COVID testing is not working out well at the Church Street site

The CBC says that some people getting tested at the recently-opened Church Street COVID testing centre are having to wait more than two weeks to get their results.

“What’s the whole point of going in for tests if you don’t even get the results until after the quarantine time? There’s no point. It defeats the whole purpose,” she said.

Faisal Hassan, NDP MPP for York South-Weston, says he received more than 25 complaints in a week about people waiting for test results from the Church Street assessment centre.

He says residents were concerned that without a result, they couldn’t return to work, go to school, or visit and provide essential care to loved ones in long-term care homes.

“We have been [identified] as a hotspot area and these delays are totally unacceptable,” he said.

The hospital told the CBC that their typical turnaround is three to five days.

In addition to the burdens they place on those being tested, long turnarounds make contact tracing impossible.

COVID rates in Weston are “alarming”

Frances Nunziata says that the COVID positivity rate in Weston is “alarming”.

New data that was reported this week on the overall percent of COVID-19 test positivity rates by neighbourhood indicates that rates in York South—Weston are alarming and disproportionately high compared to other parts of Toronto.

The city’s official numbers haven’t been released, but a Toronto ER doctor published a table that says Weston’s positivity rate is 8.3%—not, thankfully, the highest in the city, but still far above the “3% [that] should prompt shutdowns”

Weston has seen 68 new cases in the past three weeks, an increase of 11 over last week. Eight of the cases occurred in healthcare facilities.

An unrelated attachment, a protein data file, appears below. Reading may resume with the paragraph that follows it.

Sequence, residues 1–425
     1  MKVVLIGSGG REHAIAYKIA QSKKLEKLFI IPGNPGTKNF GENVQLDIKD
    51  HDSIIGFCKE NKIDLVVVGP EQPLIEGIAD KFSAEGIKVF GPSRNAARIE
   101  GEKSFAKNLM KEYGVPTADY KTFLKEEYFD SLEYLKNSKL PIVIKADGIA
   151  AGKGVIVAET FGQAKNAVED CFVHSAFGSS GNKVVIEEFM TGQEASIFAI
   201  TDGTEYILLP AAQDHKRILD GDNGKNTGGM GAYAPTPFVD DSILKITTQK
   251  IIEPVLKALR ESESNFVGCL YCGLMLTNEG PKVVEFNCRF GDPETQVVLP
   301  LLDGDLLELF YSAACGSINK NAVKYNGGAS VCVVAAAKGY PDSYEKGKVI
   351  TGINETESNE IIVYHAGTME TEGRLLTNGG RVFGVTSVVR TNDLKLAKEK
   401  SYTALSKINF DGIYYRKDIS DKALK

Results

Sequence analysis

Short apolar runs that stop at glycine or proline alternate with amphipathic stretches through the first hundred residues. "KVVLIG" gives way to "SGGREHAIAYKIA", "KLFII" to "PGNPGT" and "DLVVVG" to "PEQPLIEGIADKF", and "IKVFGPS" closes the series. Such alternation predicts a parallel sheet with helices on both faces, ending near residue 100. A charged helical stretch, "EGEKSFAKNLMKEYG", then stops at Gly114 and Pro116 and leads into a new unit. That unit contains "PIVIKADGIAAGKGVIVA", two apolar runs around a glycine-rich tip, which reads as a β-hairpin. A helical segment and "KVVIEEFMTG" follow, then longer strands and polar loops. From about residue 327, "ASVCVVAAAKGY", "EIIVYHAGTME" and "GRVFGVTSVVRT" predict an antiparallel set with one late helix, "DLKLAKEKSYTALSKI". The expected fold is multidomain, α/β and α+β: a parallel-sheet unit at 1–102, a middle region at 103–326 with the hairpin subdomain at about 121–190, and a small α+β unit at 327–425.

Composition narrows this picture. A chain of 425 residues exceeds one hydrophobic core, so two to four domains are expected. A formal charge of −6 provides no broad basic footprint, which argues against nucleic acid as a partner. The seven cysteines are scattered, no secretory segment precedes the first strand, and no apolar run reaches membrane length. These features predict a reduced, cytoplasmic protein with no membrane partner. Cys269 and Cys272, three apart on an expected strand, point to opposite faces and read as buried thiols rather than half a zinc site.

Schools in Weston, however, have largely been free of COVID infections. Pelmo Park had one case in a teacher, but no other cases have occurred in schools in Weston. (There has been a handful of cases in schools that receive students from Weston.)

COVID is under control in YSW

COVID appears to be coming under control in Pelmo, Weston, and Mount Dennis, with only a handful of cases reported in the past 21 days.

In the past 21 days, there have been three cases of community transmission in Weston, four in Mount Dennis, and only 1 in Pelmo. The north-west part of the city continues to be the worst hit, however.

 

Pelmo is sick with COVID

The Pelmo Park–Humberlea neighbourhood, part of which is in the area most people would call Weston, has the highest rate of new community-spread COVID cases in the city.

Pelmo Park–Humberlea includes the Pelmo neighbourhood south of the 401, as well as an area to the north of the 401 and  west of the 400.Map of Pelmo Park

Pelmo Park–Humberlea has had 17 new “sporadic” cases in the past 21 days, out of a population of about 10,000. That gives it an infection rate of 159 per 100,000 people, by far the highest in the city—the average rate is 28. (“Sporadic” cases occur outside a healthcare facility).

On the one hand, this may be a statistical blip: 17 cases isn’t a huge number. On the other hand, it is the highest rate in the city in the statistic I think we should care most about: new cases of community spread.

COVID continues to be a problem in the northwest part of the city. In Weston proper, we have had 13 new cases in the past 21 days, and we rank a dismal 9th-worst for new infection rates.

By contrast, more than 10% of the city’s neighbourhoods have had no new cases at all.

Including outbreaks in healthcare facilities makes the picture even darker. Humber Heights (just across the river), Weston, and Mount Dennis have been three of the four worst-hit neighbourhoods in Toronto.

Frances Nunziata says she prompted Joe Cressy, the Chair of Toronto Public Health, to write a letter to the Ontario Minister of Health and the Chief Medical Officer. The letter explains Cressy’s hypotheses around why COVID has been so prevalent here: race, income, reduced access to health services, and household crowding.

He calls on the province to provide:

  • Increased testing, including mobile testing